Monk ceremony and other Lao celebrations

All Posts, Laos

During one of our English lessons Mit told me that there would be no school the next day. When I asked for the reason, she told me about a big monk ceremony in a big temple near our village. She informed me that all teachers from the surrounding schools would attend this ceremony, the Sikeud and Phang Heng schools, too. After telling the others, we decided to join them and become part of this event. Souphaphone, the principle of Sikeud, even invited some of us to have lunch at her place beforehand. Never miss out on such an opportunity as Laos never becomes more authentic as at people´s homes.


And so next day we were sitting at Souphaphone´s opulent lunch table: Bamboo soup, papaya salad, grilled fish, noodles, vegetables, dips, sticky rice, and soft drinks. No need to mention that it was finger-licking good. When our bellies were full we went on to another teacher’s house from Sikeud. Recently, she had given birth to her first child and everyone was curious to see the new-born. To my great surprise I was allowed to hold the baby, too. As with many other cultural traditions, childbed culture is very different in Laos, too, as is the entire medical system (few people have sickness insurance and are used to relying on healers). Modern health care is one of the big development areas, like education.

After that, we jumped on our motorbikes and rode to the temple. The ceremony had already started and we quietly sat down at the back rows. The monk ceremony was serene and colourful, spiced up with humourous patches (people laughed), but of course we understood little else. Noy tried to translate some of what the monks said: The teachers were blessed for their work and told to be good teachers and role models for their students and to follow the right path in life. The monks also talked about the importance of education. Towards the end, the teachers could ask questions, which the monks answered. This whole event took three hours.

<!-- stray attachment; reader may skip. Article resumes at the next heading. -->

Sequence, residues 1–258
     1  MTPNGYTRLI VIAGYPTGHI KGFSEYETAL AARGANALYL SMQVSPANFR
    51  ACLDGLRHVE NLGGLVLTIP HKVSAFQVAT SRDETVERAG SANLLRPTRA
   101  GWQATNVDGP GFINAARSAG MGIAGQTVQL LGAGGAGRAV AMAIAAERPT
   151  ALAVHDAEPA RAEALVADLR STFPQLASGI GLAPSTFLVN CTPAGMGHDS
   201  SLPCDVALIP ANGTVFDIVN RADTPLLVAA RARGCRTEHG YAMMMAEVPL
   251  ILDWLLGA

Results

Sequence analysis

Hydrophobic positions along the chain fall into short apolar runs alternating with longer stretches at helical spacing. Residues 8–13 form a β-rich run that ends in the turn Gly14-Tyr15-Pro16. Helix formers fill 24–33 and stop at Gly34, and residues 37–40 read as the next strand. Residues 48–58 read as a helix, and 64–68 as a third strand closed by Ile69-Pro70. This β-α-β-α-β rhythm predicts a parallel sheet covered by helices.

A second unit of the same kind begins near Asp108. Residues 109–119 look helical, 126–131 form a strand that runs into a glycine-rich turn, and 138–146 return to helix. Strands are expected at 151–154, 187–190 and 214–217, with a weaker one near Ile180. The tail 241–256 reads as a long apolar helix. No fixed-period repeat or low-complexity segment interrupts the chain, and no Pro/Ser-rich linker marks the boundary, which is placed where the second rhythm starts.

The only way to receive education for children in remote areas in Laos where there are no schools is to become a monk by joining a temple for a number of years, which is not unusual mostly for boys in their teens and in young adulthood.

In this temple, one of us who had sneaked out after an hour to go exploring saw some female monks for the first time (they don’t seem to be visible elsewhere, i.e. in village or city life) and was allowed to watch their “house”work outside and their preparations of food. Later she spoke with some male monks who lingered outside and were glad to practice their smattering of English. One of them will visit North America soon to teach Buddhism and asked whether Germany was possibly close by.

Thinking of the immanent temperature change, Prof. Martin asked whether he had any plans to get warm clothing in preparation for the stay abroad, but the concept of socks and boots or coats and hats was either alien or unworthy of contemplation. Right next to him stood another monk whose shoulder symmetrically displayed parts of a tattoo of a temple. He had been a body-guard, a tuktuk driver, a teacher, and a security officer before.

After the ceremony we lingered at the temple a bit longer before we followed the last invitation of the day and headed off to Bounmee´s house, to have delicious food, some drinks, and some fun. After dark, she dropped us off in Sikeud.

Text by T. Mayer & I. Martin

Photos by T. Mayer

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